MANILA, Philippines — The military is “increasingly becoming confident” that the top Malaysian terrorist who allegedly funded the Maute and Abu Sayyaf groups’ attack on Marawi was among the 13 rebels killed by government troops on Wednesday, Armed Forces of the Philippines (AFP) chief General Eduardo Año told reporters on Thursday.
“Our operations to flush out and deal with terrorist stragglers has been continuing relentlessly since yesterday (Wednesday). Last night’s operations has been very positive. We were able to neutralize 13 rebels and we confirmed this,” the military chief said.
He said the AFP was still verifying reports that among the fatalities was Islamic law professor Mahmud Ahmad, also known as Abu Handzalah, who has been in Malaysia’s most wanted list since he traveled to the Philippines in 2014 and was said to be have helped facilitate the transfer of funds from ISIS in Syria through Indonesia to the Philippines.
Among the information received by the AFP regarding Ahmad’s death came from one of the rescued hostages, who told the military that Mahmud’s remains had already been buried.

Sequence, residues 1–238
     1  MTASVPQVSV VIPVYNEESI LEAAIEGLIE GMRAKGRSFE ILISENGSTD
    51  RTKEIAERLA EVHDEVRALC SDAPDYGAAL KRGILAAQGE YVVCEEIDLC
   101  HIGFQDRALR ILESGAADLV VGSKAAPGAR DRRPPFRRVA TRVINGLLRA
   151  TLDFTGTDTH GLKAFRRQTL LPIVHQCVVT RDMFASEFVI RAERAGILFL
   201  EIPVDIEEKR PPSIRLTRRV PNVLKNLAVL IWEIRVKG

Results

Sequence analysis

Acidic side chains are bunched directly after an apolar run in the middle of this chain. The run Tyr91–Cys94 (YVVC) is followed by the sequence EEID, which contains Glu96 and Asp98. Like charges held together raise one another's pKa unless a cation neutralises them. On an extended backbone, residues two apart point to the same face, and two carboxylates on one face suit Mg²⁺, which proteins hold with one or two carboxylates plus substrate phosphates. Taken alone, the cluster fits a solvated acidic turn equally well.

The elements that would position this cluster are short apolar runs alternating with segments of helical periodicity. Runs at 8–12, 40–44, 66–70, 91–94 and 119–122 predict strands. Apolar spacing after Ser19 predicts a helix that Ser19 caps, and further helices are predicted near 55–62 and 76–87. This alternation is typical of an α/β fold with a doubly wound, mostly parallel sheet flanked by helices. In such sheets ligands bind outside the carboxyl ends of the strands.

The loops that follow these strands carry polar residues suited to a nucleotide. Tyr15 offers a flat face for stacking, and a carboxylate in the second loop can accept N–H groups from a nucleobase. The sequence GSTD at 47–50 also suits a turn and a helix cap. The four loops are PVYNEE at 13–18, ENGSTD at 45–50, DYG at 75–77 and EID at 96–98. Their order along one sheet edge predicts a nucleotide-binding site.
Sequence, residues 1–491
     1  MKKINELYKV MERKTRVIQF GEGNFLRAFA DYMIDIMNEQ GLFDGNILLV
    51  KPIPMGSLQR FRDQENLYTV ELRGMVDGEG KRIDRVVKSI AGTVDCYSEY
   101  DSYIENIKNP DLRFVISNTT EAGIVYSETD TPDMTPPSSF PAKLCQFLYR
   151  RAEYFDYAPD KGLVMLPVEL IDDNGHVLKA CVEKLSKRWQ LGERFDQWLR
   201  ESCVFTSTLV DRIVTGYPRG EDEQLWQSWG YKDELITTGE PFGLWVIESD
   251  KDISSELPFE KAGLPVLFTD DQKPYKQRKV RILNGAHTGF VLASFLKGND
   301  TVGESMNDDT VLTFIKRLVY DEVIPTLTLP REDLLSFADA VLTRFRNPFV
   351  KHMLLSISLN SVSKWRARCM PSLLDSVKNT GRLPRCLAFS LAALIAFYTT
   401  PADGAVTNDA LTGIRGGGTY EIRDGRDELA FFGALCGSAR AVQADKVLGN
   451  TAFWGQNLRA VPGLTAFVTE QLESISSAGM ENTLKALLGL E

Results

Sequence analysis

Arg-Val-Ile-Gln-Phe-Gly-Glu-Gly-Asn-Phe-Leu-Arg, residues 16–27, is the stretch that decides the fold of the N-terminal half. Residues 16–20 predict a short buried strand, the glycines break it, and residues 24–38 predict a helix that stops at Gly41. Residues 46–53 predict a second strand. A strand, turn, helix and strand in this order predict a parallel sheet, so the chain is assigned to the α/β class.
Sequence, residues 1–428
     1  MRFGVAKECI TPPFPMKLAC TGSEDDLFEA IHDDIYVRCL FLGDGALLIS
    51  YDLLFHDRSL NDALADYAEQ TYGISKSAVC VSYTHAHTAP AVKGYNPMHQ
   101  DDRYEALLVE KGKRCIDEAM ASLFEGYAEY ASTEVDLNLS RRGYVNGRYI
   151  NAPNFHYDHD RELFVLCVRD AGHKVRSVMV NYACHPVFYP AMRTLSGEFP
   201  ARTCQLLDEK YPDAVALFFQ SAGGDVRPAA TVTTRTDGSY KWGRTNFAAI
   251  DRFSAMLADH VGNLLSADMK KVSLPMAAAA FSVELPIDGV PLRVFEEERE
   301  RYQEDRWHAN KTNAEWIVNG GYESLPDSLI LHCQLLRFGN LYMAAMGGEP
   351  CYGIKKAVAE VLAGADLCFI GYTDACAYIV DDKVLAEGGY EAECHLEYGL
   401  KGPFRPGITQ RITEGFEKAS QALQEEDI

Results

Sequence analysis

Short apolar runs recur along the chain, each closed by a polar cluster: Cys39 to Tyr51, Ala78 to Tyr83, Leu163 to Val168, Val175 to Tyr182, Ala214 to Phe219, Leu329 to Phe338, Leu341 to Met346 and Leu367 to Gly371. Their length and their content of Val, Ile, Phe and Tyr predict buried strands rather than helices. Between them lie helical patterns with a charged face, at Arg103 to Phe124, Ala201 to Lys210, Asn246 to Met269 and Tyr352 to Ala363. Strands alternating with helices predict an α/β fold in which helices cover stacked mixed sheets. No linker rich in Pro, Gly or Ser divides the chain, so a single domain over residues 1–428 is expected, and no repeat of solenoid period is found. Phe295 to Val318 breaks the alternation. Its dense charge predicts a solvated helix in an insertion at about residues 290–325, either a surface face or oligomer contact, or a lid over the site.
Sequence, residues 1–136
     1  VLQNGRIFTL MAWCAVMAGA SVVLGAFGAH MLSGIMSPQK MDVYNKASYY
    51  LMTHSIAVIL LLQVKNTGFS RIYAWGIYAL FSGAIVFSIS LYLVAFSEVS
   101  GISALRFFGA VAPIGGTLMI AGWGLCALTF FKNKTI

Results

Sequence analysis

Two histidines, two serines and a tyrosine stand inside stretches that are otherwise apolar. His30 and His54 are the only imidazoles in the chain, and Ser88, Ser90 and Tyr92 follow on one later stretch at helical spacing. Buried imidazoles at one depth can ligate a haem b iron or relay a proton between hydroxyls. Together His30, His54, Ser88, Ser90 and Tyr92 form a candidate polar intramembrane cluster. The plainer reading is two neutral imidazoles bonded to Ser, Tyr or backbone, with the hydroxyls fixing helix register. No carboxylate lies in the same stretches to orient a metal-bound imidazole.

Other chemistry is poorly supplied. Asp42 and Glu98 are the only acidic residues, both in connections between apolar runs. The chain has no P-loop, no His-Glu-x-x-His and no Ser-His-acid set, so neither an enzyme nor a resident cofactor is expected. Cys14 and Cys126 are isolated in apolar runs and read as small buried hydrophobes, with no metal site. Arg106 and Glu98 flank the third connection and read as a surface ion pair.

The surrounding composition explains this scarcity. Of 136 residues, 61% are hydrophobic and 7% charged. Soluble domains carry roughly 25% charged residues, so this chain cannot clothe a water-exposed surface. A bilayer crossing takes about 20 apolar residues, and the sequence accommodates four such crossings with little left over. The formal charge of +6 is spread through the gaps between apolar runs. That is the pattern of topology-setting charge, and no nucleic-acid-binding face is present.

According to a July 2017 report by the Indonesia-based Institute for Policy Analysis of Conflict (IPAC), Mahmud sat “in the inner circle of the Marawi command structure” and also “controlled recruitment as well as financing and has been the contact person for any foreigner wanting to join the pro-ISIS coalition in the Philippines.”
It was allegedly through Mahmud that the ISIS was able to send $600,000 for the terrorist operations in Marawi.
IPAC said there were persistent but still unconfirmed stories that Mahmud had “arranged to smuggle some fighters into Marawi through the ijtema” or the four-day gathering last May of the Muslim missionary organization called Tabligh-i-Jaamat, known in Indonesia and Malaysia as Jamaah Tabligh.
According to the Philippine National Police, it was through the said ijtema that 450 members of ISIS- inspired terrorists groups were able to to allegedly enter the city of Marawi at 5 p.m. on May 23 and raise an ISIS flag at the city’s the Amai Pak Pak Medical Center. — with reports from Camille A. Aguinaldo